Pedigree Tory: Hattie Jacques crossed with Uncle Fester

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The Independent Online
"SHE'S NOT really like other MPs, is she?" With remarkable understatement, Lynsey Scott, 17, clutched Ann Widdecombe's autograph with all the starry- eyed relish of a pop groupie.

One of a group of youngsters who mobbed the shadow Home Secretary in front of Parliament, Lynsey was clearly thrilled. So, it's official: Ann Widdecombe does not eat babies or small children.

The MP dubbed Doris Karloff by the tabloids does, however, eat Labour press releases for breakfast, an activity she has been indulging for the past week at the helm of Conservative Central Office.

While William Hague suns himself in the States, the Tories' favourite schoolmarm is basking in her new role as caretaker Tory leader.

Miss Widdecombe (take that down, class, that's Miss not Ms) was pounced on by the teenagers as she launched the party's new policy to give victims of crime greater rights.

Having survived a determined character assassination attempt by Labour the previous day, nobody could accuse the MP for Maidstone and the Weald of being a victim.

Labour's new campaigns chief, the Cabinet Office minister, Ian McCartney, issued an "X-file" on her, claiming she was the most extreme member of the Tory party. The document listed a range of outlandish quotes she had made, including her description of BBC output as "filth" and her defence while Home Office minister of the policy of handcuffing pregnant prisoners. It also alleged that, as shadow Health Secretary, she wanted to privatise much of the NHS and reduce it to a safety-net service for the poor.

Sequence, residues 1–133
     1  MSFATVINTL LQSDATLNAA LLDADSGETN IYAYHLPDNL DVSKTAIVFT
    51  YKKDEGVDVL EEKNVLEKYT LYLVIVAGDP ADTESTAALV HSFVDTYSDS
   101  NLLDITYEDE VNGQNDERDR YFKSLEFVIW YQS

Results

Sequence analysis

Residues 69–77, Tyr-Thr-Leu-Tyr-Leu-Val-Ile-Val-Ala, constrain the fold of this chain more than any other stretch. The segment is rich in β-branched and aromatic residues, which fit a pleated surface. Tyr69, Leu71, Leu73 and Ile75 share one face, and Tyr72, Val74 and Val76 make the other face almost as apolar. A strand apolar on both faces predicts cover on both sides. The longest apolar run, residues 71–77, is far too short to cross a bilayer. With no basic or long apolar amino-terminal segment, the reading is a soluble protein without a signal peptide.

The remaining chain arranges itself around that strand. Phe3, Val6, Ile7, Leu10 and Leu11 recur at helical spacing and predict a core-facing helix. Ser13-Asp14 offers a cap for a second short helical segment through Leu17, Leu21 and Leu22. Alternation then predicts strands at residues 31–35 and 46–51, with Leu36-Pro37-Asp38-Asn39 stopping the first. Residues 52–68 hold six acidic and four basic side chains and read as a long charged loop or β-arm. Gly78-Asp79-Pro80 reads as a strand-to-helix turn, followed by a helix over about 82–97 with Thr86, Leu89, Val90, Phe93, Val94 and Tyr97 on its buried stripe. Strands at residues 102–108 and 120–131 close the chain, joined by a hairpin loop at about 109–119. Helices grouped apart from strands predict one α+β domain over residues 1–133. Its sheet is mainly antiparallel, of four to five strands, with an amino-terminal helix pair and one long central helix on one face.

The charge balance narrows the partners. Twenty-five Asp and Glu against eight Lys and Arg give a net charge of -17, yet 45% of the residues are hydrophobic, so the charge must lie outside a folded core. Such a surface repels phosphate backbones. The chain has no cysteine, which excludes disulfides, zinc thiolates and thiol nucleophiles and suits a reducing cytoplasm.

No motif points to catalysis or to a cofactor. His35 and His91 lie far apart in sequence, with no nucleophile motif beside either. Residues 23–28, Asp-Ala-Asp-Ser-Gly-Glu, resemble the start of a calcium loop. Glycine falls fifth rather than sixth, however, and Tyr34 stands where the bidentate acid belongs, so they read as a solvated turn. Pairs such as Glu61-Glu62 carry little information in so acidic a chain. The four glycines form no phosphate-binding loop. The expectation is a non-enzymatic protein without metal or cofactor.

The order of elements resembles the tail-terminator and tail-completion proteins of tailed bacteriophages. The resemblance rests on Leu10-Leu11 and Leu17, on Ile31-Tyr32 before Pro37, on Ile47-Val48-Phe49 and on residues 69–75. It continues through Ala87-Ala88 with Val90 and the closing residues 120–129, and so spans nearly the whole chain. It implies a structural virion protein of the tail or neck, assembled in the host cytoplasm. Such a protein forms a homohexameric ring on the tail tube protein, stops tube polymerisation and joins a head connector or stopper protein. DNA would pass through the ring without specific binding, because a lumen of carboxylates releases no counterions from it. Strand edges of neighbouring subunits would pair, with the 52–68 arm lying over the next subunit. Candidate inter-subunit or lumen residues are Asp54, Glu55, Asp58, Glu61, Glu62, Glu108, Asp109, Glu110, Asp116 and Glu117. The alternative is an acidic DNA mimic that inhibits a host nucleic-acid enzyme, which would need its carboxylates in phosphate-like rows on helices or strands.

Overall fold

When the document landed on her desk, her hoots of laughter could apparently be heard across Smith Square. "It was an absolute joke," she said. In the face of such attacks, she appears to have turned into a Tory version of Jo Brand. She answers the phone these days with a gruff "Karloff here," and suggested at the party conference in Bournemouth that she could lend "an extra tyre" to a toy train. "Mr McCartney and I see eye to eye on a lot of things. That's mainly because we are the same height, though," she quips.

A cross between Hattie Jacques and Uncle Fester, the health job did allow her to score some hits against fellow bruiser Frank Dobson on the Government's NHS Achilles' heel, waiting list figures.

But in the long run, even the matronly Miss Widdecombe felt that health was, well, just a bit too cissy, and was delighted to be restored to her first love, Home Affairs. "It was the only thing I really wanted. You often don't get what you want in reshuffles, but I have been extremely blessed," she said.

Described by her critics as looking like the offspring of an Albanian goalkeeper and The Thing from the Black Lagoon, Miss Widdecombe makes few concessions to the makeover merchants.

However, as her mobbing by the teenagers showed, she has softened her image of late. The trademark pudding basin haircut has been morphed into a racing cyclist's helmet, her nails are immaculately manicured and she even sports a little Scotty dog brooch to offset her square frame. She is infamous for her early starts at Central Office, bustling into the building or the Commons at 8am most days.

A female dynamo, her energetic approach sees her pack in regular 16-hour days, combining her spokeswoman role with four or five visits to Conservative Associations in the sticks every week. In the past few days, the public has had a taste of a Widdecombe leadership of the Tories. She has bashed, clipped and headbutted the Government on everything from the non-lifting of the beef ban in Germany to Tony Blair's decision to fight the Italians on the beaches.

This weekend, however, politics will take a back seat. She is moving house in London, from Kennington to Elephant and Castle, to set up home with her elderly mother.

For a woman who once provoked uproar among Labour MPs for stating that every child had a duty to look after their parents, at least she is practising what she preaches.